Widely regarded as one of the most significant figures of modern history (and a personal favorite of mine, next to Theodore Roosevelt), Winston Churchill maintains a positive reputation among historians for successfully leading his country through the Second World War. This respect and admiration was not an immediate sentiment toward Churchill, as his own political party and War Cabinet considered him too impulsive to be an effective leader.
With the collapse of Europe imminent and Hitler practically on his doorstep, Churchill made the difficult and conflicting decision as prime minister for Britain to stand their ground against German tyranny. With few allied nations and his soldiers trapped on the beaches of Belgium, Darkest Hour documents the internal and external struggles of Churchill to unify the nation of Britain. Chock-full of brilliant performances and strong, emotional dialogue, Darkest Hour delivers audiences a sincere film about one of Britain’s finest.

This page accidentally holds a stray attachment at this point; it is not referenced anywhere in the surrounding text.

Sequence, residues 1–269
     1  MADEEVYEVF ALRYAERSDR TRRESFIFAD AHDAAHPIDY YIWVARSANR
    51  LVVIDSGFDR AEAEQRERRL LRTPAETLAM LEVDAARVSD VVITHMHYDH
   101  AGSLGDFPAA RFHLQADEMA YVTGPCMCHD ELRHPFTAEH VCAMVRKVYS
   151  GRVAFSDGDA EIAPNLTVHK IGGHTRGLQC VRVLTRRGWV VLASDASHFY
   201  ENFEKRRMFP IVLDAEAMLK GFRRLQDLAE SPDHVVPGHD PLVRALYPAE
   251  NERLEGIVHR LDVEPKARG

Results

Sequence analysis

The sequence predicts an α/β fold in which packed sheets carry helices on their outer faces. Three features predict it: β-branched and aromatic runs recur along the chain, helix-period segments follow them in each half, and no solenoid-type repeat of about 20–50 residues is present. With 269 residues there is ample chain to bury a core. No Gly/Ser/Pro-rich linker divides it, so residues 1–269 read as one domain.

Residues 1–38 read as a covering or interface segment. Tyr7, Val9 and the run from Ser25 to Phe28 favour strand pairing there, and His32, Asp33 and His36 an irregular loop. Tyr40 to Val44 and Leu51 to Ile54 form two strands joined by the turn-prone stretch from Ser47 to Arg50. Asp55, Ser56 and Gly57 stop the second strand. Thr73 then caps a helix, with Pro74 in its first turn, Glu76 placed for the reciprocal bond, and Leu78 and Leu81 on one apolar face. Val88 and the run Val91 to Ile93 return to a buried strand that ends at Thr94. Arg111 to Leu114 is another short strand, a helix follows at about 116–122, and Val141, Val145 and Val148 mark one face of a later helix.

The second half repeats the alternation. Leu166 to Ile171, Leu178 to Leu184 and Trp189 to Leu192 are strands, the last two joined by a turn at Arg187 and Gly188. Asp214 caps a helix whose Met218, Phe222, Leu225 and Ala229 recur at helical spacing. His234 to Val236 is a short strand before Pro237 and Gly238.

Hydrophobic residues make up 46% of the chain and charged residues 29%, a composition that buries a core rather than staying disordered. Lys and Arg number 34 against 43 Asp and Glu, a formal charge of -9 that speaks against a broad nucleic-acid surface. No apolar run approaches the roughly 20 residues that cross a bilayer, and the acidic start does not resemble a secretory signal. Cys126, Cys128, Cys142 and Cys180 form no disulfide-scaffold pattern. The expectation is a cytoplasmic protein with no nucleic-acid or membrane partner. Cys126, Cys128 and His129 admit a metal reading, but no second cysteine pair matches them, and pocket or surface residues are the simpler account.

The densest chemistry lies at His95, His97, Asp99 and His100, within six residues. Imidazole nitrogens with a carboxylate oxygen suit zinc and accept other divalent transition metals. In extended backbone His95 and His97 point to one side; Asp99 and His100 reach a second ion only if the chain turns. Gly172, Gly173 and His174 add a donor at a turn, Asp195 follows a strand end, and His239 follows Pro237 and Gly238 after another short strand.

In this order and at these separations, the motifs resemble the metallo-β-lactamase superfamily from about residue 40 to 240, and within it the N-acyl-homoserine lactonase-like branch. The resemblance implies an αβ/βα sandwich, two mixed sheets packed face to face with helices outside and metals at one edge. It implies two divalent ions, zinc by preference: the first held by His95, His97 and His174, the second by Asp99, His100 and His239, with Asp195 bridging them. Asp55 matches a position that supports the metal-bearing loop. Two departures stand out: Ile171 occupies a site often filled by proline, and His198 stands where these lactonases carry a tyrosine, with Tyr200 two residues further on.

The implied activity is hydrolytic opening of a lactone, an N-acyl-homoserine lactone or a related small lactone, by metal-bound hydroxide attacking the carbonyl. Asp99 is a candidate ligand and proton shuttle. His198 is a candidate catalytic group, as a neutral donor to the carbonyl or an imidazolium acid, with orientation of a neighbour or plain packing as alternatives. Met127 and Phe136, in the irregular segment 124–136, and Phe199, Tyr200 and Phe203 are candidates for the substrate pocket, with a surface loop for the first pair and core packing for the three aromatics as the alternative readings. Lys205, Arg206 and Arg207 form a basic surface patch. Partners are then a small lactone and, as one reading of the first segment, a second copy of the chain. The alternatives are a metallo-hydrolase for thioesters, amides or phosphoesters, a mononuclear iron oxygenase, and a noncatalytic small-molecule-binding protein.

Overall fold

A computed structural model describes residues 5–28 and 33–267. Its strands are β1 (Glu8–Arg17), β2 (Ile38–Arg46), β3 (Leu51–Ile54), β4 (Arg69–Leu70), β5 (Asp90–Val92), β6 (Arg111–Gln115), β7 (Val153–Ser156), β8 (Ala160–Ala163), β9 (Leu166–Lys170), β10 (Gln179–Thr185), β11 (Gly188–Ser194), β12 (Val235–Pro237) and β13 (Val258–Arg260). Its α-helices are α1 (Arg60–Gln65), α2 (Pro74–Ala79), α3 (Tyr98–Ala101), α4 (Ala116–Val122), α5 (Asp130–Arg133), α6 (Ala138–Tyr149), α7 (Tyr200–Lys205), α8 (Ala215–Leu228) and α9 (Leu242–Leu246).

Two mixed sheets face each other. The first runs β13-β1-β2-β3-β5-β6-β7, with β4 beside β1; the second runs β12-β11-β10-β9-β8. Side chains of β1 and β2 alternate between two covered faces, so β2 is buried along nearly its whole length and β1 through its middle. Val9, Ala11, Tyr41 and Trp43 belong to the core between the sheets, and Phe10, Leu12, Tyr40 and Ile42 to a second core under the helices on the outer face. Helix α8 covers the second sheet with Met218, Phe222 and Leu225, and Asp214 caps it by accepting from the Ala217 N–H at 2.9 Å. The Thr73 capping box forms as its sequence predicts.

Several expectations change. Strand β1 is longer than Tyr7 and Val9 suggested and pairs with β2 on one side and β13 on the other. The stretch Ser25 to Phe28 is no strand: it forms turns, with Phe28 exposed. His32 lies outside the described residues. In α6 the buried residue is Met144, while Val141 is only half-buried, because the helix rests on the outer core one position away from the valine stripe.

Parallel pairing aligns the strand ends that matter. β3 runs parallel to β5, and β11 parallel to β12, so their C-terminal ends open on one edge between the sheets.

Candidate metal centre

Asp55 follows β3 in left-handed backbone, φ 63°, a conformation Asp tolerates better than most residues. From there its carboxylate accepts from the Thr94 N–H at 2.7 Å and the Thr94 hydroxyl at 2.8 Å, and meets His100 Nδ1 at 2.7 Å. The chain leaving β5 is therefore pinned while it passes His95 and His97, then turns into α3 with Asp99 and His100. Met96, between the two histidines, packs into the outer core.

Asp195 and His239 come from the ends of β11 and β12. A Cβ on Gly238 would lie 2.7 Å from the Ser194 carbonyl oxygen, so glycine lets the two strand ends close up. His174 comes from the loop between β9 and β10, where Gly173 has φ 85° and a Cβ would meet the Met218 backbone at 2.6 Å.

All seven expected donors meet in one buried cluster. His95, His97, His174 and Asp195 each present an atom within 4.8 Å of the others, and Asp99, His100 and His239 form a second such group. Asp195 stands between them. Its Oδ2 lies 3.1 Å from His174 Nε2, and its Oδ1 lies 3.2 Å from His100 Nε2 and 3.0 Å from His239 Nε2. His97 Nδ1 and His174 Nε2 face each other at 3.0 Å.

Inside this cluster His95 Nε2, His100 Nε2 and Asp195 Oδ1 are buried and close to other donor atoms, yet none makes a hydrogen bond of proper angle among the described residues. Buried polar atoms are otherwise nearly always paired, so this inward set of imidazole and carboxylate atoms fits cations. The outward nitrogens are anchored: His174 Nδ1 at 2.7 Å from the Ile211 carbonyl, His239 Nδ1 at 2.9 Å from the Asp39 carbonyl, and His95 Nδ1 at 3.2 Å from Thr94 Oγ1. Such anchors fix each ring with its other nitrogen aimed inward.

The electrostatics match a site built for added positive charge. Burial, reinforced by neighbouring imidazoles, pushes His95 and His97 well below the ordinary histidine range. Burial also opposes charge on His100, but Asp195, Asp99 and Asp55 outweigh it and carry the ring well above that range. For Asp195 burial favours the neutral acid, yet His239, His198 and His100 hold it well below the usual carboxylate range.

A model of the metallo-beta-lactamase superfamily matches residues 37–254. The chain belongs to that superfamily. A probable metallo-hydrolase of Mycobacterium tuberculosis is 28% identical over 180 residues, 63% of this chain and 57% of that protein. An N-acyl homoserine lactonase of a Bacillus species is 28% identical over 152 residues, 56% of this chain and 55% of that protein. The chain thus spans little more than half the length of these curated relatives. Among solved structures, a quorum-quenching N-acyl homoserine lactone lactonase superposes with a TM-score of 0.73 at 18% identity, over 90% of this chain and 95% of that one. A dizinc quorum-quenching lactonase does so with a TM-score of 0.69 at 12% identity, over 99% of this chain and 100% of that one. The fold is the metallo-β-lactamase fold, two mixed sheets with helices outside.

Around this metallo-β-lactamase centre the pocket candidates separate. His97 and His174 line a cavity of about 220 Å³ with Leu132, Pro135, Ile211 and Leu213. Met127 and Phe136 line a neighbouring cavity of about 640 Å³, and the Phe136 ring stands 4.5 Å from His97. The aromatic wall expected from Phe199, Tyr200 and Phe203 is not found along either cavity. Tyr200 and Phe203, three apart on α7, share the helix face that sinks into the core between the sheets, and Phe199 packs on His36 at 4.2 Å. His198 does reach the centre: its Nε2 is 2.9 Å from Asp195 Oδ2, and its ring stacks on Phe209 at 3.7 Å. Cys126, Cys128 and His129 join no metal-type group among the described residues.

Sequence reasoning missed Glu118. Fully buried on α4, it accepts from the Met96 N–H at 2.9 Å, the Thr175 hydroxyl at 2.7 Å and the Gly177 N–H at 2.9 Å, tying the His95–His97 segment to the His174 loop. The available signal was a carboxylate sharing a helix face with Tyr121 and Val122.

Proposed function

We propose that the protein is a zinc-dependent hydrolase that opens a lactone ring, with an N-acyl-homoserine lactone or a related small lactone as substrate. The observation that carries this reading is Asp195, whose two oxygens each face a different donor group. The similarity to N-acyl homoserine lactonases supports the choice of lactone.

The most powerful aspect of Darkest Hour is of course Gary Oldman’s immersive portrayal of Winston Churchill, which takes this rather standard historical drama and makes it feel like so much more. Oldman captures the mannerisms and quirks of Churchill beautifully, especially the slurred and garbled speech that he was famous for. And the fantastic use of prosthetics had me astounded at how much Oldman resembled Churchill.
Darkest Hour moves along at a fairly steady and interesting pace, but does have its slow and meandering moments too. In an attempt to dampen the more boring historical facets the writers fill in the gaps with Hollywood schmaltz. While this is typical of historical dramas, Darkest Hour had a notably poor blending of facts vs. fiction.
The balance between the two was relatively impressive, in that the filmmakers got more right than they did wrong. However, the events that were fabricated are distinctly noticeable and make the film feel to sentimental for its own good.
Those with a penchant for history (and film) will surely appreciate the stunning portrayal of Churchill and the technicalities of the plot, despite the obviously romanticized undertone.
The Verdict: B+